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Address causes of climate change to help alleviate effects on children: AAP


October 26, 2015

An 8-year-old girl with severe allergic rhinitis is admitted for an asthma attack in May. A 17-year-old football player practicing on a 95-degree August afternoon is treated in the emergency department for heat exhaustion. A 6-year-old has aggressive behavior in a new school and city after her home and community were destroyed by a hurricane. A 9-year-old boy with a swollen knee is diagnosed with Lyme disease in Maine.

These children’s conditions seemingly are unrelated. Yet they share an underlying association with the rising public health threat presented by climate change.

The AAP Council on Environmental Health has released a policy statement and technical report on Global Climate Change and Child Health (see resources). These documents, updated from 2007, describe the current understanding of climate change and how changing conditions affect the health of U.S. children. Available online, they will appear in the November issue of Pediatrics.

It is clear from a range of indicators that our climate is changing. The planet is, unequivocally, warming. This warming is associated with a worldwide shrinkage of glaciers and decreased snow cover, sea level rise, more frequent and prolonged heat waves, increased heavy precipitation events, and more frequent and severe wildfires. There is wide consensus among scientific organizations and 97% of climate scientists that recent changes in our climate can only be explained by increases in the concentration of heat-trapping gases in our atmosphere over the past century, and not by the natural drivers that altered earth’s climate in the past.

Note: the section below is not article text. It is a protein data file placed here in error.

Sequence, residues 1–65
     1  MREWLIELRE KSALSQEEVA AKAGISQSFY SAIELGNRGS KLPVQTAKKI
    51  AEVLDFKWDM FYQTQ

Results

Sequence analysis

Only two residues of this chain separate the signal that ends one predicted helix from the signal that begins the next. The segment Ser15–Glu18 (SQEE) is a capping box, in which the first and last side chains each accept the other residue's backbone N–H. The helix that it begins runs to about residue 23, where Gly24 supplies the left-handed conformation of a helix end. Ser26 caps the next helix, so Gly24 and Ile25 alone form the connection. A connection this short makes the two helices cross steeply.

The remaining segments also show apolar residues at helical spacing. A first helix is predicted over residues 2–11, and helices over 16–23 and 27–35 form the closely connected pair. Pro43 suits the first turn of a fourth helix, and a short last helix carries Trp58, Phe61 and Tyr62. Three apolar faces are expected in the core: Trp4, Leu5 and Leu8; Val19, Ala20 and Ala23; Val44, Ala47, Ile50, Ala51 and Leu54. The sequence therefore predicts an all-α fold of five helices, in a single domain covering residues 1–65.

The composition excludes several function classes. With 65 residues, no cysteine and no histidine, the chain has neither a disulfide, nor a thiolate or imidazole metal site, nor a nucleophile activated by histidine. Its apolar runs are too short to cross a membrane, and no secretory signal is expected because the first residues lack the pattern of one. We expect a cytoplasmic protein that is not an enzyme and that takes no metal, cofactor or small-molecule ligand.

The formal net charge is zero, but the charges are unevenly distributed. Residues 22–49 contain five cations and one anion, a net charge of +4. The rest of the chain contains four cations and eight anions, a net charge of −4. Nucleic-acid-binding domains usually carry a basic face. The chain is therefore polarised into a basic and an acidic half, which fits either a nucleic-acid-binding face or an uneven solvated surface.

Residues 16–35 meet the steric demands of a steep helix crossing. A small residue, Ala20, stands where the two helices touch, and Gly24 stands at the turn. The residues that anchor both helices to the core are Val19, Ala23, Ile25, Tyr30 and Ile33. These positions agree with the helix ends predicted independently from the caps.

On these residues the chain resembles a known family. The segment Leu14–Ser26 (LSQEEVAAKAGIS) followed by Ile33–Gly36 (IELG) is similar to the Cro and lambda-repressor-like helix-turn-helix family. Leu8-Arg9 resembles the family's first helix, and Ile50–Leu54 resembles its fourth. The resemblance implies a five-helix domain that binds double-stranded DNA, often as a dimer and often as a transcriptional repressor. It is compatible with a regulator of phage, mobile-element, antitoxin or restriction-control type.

Diverse health effects

Climate change poses significant threats to human health to which children are uniquely susceptible. The World Health Organization estimates that more than 88% of the existing burden of disease attributable to climate change occurs in children younger than 5 years. The diverse health effects of climate change can be classified as primary, secondary and tertiary.

Primary effects are those most directly attributable to climate. Extreme weather events are increasing in frequency and severity. Children’s unique needs place them at risk of injury, death, separation from caregivers and a high risk of mental health consequences following these events. Worsening heat waves threaten children, particularly high school athletes and young infants, with increasing heat illness.

Secondary effects are those that affect children indirectly through shifts in natural systems. Increased plant pollen concentrations and allergy season duration, wildfire smoke and temperature-associated increases in ground-level ozone all can reduce air quality and precipitate asthma attacks and/or allergic disease.